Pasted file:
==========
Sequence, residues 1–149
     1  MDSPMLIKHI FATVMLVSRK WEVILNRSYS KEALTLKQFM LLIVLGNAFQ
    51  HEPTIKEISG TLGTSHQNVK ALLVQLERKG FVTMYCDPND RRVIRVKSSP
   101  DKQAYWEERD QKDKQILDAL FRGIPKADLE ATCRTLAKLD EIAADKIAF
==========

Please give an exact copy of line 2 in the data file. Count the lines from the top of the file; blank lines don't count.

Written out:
     1  MDSPMLIKHI FATVMLVSRK WEVILNRSYS KEALTLKQFM LLIVLGNAFQ